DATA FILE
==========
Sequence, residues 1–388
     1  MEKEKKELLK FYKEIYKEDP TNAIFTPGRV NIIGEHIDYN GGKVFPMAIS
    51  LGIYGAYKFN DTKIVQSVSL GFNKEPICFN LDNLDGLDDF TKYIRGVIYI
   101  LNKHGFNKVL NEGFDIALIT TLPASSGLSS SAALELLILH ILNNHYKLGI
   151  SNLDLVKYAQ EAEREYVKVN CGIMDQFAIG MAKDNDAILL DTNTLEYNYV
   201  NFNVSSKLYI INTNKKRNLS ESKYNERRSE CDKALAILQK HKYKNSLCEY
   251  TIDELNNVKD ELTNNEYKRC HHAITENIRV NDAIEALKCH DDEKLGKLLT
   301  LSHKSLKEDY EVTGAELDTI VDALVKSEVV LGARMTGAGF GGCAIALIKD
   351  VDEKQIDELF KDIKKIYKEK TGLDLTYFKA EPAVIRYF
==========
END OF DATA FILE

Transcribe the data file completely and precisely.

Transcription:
Sequence, residues 1–388
     1  MEKEKKELLK FYKEIYKEDP TNAIFTPGRV NIIGEHIDYN GGKVFPMAIS
    51  LGIYGAYKFN DTKIVQSVSL GFNKEPICFN LDNLDGLDDF TKYIRGVIYI
   101  LNKHGFNKVL NEGFDIALIT TLPASSGLSS SAALELLILH ILNNHYKLGI
   151  SNLDLVKYAQ EAEREYVKVN CGIMDQFAIG MAKDNDAILL DTNTLEYNYV
   201  NFNVSSKLYI INTNKKRNLS ESKYNERRSE CDKALAILQK HKYKNSLCEY
   251  TIDELNNVKD ELTNNEYKRC HHAITENIRV NDAIEALKCH DDEKLGKLLT
   301  LSHKSLKEDY EVTGAELDTI VDALVKSEVV LGARMTGAGF GGCAIALIKD
   351  VDEKQIDELF KDIKKIYKEK TGLDLTYFKA EPAVIRYF